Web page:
10 Tips To Help Seniors With High Blood Pressure Improve Health

We’ve explained why high blood pressure is so dangerous with the hopes of encouraging owners of residential assisted living homes to help seniors make changes to improve their health. And with the right changes it is possible to maintain a healthy blood pressure.

The following 10 lifestyle changes can help older adults lower blood pressure and live healthier lifestyles. 

The proper steps sometimes result in the reduction and even removal of medication. In order for changes to become normal, one must work at them consistently. Therefore, do not make massive changes in the lifestyle of residents in assisted living right away. Remember, some activities or techniques have been a part of their lifestyles for a very long time. Change is difficult, but attainable in measured doses.  

1. Regularly Monitor Blood Pressure

  • When tracked improvement becomes a reality.
  • Get a home blood pressure monitor to take measurements daily or weekly.
  • Keep a notebook to record the date and blood pressure measurement so you can track changes over time. 

2. Take Medications as Prescribed

  • Take the medication consistently and on time – do not skip doses.  
  • Do not alter the medication in any way without confirming with the pharmacist.  

3. Maintain A Healthy Weight

  • Lower blood pressure by losing 10 pounds, if you are overweight.

4. Eat Heart-Healthy Foods

  • Adjusting eating habits is an effective way to lower blood pressure.
  • Focus on whole foods, less fat, and more fruits and vegetables. 

5. Use Less Salt (Sodium)

  • Sometimes the culprit of HBP is seasoning, especially salt or salt-based products.  
  • A reduction in the use of salt also helps reduce and control high blood pressure. 
  • Look for seasonings that have low to no sodium content. Many are quite tasty and will help reduce and control HBP.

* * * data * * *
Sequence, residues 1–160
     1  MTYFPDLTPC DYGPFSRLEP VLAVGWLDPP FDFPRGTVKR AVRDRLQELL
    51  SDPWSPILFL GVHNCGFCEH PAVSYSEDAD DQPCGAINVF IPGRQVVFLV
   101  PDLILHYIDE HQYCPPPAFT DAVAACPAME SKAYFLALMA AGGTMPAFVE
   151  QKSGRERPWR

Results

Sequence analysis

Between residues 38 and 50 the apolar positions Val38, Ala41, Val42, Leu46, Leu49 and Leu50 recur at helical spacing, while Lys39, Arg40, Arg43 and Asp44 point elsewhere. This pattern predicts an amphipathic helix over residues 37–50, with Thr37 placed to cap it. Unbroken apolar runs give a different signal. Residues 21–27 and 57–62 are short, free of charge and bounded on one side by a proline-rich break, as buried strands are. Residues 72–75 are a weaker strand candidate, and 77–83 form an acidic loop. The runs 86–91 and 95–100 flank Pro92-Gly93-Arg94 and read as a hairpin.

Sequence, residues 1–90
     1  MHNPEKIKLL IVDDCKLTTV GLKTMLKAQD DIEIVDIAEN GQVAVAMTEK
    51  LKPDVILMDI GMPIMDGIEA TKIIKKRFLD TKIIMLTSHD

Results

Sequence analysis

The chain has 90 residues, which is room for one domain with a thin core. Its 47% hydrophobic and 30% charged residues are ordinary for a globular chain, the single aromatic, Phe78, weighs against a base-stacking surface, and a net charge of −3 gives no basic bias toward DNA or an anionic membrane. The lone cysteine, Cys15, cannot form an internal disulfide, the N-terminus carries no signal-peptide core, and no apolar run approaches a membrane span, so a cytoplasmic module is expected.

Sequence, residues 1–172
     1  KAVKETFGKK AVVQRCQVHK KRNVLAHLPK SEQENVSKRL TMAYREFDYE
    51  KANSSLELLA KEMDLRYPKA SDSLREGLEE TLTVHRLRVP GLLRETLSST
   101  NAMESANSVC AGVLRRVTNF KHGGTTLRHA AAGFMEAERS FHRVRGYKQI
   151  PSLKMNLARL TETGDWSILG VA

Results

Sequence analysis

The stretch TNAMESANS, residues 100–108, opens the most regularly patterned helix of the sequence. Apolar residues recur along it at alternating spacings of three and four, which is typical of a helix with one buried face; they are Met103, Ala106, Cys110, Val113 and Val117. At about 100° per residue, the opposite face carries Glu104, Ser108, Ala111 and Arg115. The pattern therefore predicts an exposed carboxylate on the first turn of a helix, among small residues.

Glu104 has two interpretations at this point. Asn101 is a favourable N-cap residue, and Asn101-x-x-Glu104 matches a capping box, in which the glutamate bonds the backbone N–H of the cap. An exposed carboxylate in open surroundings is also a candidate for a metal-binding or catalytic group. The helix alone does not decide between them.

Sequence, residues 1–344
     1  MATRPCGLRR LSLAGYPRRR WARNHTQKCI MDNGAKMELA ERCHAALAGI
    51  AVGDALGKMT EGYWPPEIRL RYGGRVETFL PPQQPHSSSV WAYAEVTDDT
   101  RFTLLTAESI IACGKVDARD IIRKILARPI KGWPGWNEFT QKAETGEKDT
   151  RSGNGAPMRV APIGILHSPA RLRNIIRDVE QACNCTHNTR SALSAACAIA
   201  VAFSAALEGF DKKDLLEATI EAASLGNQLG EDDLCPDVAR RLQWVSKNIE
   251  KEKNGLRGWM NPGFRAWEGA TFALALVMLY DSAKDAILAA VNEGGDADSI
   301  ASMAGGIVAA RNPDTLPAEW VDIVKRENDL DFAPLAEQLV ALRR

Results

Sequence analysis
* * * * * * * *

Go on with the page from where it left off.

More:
6. Exercise Regularly

  • Regular exercise helps lower blood pressure. Aim for moderate activity at least 2.5 hours a week.
  • Walking is an excellent activity and can be done inside the house or outside in nature.
  • Also, many seniors still enjoy a good bike ride or pool aerobics. These are great exercises as they preserve the joints quite nicely, and nothing beats fun in the pool and water aerobics, which is a total body workout.

7. Don’t Smoke

  • Smoking nicotine raises blood pressure and heart rate. 
  • Smoking also causes arteries to tighten, which also increases blood pressure.

8. Drink Less Alcohol

  • Drinking alcohol increases blood pressure. 
  • Limit intake to 1 drink a day or less.

9. Manage Stress

  • Blood pressure rises when stress occurs, limiting opportunities for stress helps. 
  • Some people may benefit from meditation and relaxation exercises.
  • If anxiety is present, medical treatment may be necessary.
  • Difficult experiences may need to be addressed with a psychologist or psychiatrist.
  • Others might relax with exercise or by immersing seniors into a hobby like art, gardening, or crossword puzzles.

10. Other Healthy Lifestyle Habits

  • Get adequate rest.
  • Drink plenty of water.
  • Laugh a lot.

HBP does not have to be the nemesis for seniors in residential assisted living. If HBP has become a reality, face it head on with the above strategies. Remember, integrate these changes slowly so that success can be realized and maintained. 

Quality Senior Care Starts With Residential Assisted Living

The Residential Assisted Living National Association provides important information, resources and support.